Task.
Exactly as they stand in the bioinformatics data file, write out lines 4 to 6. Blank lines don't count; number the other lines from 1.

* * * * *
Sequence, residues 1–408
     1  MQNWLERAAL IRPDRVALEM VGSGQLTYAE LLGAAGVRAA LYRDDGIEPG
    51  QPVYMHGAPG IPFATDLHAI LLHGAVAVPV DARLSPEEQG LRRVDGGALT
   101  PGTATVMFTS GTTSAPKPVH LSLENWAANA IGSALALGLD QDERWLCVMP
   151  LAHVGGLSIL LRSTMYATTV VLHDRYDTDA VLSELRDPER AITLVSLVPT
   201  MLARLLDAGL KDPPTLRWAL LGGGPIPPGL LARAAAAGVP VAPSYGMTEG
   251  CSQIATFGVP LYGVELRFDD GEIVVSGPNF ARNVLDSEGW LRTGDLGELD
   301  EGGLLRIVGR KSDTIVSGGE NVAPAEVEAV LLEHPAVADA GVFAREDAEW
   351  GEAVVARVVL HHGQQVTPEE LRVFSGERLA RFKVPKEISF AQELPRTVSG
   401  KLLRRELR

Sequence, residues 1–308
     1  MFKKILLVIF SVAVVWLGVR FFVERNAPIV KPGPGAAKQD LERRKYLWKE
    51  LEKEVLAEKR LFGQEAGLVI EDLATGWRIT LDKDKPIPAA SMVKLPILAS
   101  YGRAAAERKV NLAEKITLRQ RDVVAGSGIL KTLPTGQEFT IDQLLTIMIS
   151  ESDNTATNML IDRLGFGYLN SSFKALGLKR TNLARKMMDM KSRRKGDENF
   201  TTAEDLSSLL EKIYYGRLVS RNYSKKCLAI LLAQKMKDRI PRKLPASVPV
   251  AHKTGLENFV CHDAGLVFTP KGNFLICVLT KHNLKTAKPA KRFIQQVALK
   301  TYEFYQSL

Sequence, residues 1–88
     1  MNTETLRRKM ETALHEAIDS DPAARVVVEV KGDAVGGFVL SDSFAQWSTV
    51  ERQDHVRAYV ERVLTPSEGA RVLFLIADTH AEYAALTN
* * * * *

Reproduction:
   101  PGTATVMFTS GTTSAPKPVH LSLENWAANA IGSALALGLD QDERWLCVMP
   151  LAHVGGLSIL LRSTMYATTV VLHDRYDTDA VLSELRDPER AITLVSLVPT
   201  MLARLLDAGL KDPPTLRWAL LGGGPIPPGL LARAAAAGVP VAPSYGMTEG